Not too long ago someone asked about the relationship between dreams and hypnosis.
Did you know that dreaming and hypnosis have a lot in common? Both tap into what the subconscious is observing and has stored. Both place the conscious mind in a state that allows for access to the unconscious. Neurologically these frequency wave states are called alpha and theta (8-13 Hz and 4-7 Hz respectively. A Hz being a “Hertz,” which is the name for a cycle per second).
Sometimes hypnosis can help you to recall a forgotten dream, or it can be used to go back into a favorite dream so that you can finish it up (don’t you hate it when you’re in a great dream and you wake up in the middle of it?).
Hypnosis can also be used to generate dreams (dream incubation), or be used in the technique called “Active Imagining” when you take a dream theme and imagine it evolving beyond the reality of the actual dream. This is sort of like Gestalt therapy when the client imagines a theme or an outcome, or places themselves in another’s shoes by acting it out.
There are several states of consciousness with the mind crossing in an out of all three–Beta, Alpha, Theta and even a fourth, Delta, though this last one would be very momentary for this is the state of deep sleep. Each state has its own breadth and depth of consciousness and unconsciousness. Thought (what we laughingly call consciousness) is quite broad, but has very little depth, whereas the dream state isn’t very broad in that it is more focused, but is very deep and then there’s hypnosis which has a lot of focused consciousness and a much larger depth of unconsciousness.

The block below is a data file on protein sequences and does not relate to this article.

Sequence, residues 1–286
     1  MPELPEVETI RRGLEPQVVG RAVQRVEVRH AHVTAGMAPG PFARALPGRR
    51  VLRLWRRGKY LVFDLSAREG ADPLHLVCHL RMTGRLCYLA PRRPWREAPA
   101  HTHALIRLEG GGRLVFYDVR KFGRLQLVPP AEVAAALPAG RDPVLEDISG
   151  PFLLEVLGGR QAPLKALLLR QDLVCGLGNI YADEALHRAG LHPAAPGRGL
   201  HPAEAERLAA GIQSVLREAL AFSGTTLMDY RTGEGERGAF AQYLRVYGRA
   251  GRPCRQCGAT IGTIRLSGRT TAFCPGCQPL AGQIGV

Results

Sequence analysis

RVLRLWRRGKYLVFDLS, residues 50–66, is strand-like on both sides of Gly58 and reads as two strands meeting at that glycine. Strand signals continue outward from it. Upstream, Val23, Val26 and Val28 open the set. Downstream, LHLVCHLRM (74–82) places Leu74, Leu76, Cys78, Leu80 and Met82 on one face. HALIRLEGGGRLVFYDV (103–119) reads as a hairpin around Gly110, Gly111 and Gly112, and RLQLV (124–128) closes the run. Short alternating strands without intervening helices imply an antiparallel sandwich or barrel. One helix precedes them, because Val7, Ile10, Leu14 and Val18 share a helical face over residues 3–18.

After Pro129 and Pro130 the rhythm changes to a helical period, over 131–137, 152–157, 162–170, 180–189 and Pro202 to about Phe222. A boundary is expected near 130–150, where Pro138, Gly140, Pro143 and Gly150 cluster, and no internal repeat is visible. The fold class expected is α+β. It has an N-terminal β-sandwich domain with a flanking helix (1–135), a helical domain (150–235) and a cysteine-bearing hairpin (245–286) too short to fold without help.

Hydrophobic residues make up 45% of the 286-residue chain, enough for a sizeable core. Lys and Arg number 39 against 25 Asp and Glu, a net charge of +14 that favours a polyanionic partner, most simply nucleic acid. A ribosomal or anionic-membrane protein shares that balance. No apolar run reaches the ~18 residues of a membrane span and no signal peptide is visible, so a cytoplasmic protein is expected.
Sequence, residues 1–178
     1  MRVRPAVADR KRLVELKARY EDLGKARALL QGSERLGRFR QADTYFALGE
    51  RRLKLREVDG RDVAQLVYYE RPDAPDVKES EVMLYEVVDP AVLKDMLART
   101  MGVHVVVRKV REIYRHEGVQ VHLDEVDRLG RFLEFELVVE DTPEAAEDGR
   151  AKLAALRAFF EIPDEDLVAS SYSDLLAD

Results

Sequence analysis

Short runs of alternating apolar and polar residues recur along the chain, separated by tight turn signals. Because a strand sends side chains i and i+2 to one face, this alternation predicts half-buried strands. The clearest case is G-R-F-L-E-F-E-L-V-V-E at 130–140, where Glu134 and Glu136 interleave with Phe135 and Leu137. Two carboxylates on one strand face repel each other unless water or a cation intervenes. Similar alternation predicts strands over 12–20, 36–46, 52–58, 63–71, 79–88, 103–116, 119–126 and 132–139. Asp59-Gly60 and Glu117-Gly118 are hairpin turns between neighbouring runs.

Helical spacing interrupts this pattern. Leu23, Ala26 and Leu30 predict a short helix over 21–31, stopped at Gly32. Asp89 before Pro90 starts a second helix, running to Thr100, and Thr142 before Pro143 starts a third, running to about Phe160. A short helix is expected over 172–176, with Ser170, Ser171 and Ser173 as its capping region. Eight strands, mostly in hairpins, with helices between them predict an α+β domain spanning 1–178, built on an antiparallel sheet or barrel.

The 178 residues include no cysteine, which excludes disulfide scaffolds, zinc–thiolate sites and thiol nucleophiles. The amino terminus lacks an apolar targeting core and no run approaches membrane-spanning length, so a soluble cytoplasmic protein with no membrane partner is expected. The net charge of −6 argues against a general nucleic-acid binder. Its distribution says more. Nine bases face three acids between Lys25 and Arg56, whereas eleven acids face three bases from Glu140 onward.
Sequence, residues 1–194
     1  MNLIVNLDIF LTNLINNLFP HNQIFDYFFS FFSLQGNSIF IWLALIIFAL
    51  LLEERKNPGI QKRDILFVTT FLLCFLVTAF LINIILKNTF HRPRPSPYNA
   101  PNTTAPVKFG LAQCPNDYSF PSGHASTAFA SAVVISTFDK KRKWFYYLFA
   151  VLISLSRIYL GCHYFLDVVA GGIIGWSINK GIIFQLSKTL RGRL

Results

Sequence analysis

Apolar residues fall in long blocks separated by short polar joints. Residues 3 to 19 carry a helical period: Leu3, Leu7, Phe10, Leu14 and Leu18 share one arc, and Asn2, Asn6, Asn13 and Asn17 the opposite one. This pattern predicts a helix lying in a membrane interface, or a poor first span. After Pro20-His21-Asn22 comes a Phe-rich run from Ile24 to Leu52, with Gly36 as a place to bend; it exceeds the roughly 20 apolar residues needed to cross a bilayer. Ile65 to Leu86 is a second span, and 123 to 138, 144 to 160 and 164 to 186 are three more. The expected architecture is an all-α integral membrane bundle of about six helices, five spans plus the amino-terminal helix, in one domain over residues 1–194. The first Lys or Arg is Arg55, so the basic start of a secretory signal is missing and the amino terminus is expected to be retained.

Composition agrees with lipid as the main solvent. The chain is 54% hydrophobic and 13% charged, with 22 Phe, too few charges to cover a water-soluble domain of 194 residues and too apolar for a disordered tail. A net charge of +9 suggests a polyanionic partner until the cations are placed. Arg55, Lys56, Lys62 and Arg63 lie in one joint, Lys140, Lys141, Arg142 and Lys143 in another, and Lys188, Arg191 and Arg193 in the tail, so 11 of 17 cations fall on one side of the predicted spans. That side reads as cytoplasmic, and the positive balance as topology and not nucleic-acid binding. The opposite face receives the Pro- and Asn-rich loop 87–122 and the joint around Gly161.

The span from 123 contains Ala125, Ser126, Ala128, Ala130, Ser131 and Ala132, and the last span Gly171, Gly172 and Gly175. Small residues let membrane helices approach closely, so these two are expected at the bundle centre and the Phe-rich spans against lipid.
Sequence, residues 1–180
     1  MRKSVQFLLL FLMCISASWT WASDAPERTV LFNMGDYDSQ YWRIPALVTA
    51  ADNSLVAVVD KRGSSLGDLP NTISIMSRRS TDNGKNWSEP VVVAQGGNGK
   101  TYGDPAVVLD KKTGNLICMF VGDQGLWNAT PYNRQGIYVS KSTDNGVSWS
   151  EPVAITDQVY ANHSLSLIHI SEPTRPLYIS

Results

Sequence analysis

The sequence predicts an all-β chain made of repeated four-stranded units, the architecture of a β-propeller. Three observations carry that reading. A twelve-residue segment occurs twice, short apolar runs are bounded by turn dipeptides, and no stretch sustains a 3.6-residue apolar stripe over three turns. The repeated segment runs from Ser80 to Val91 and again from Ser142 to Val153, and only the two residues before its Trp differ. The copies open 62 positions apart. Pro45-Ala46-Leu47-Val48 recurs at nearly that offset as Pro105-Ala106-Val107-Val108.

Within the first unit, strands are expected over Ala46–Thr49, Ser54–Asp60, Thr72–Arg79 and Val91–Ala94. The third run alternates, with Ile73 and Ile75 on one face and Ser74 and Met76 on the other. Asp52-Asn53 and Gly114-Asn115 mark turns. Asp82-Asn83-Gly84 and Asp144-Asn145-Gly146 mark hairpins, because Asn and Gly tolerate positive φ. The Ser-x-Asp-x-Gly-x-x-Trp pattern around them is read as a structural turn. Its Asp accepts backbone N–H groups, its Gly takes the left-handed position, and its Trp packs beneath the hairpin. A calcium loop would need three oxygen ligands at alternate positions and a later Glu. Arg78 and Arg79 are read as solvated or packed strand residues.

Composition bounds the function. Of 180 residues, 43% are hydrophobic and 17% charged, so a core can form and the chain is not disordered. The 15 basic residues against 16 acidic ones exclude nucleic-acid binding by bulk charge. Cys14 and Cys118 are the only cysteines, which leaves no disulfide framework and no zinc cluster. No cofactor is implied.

To incubate a dream, or to set the stage for what is known as a “Lucid Dream” (one where you are aware that you are dreaming when in the dream, which allows you to orchestrate it), suggestions are placed during a hypnosis session. These sessions can use cultural ideas, values, or behavior patterns (called memes) in the form of suggestions that are “planted” into the unconscious and which can be brought to consciousness by attaching a cue to them (in the form of a word, phrase, sound, or visual stimulus*) that when expressed will activate the meme. These are good for the short-term, so are effective in dream incubation and recall.
The mind is a fascinating thing!
* For example, “When you see your hand in the dream you will become lucid.”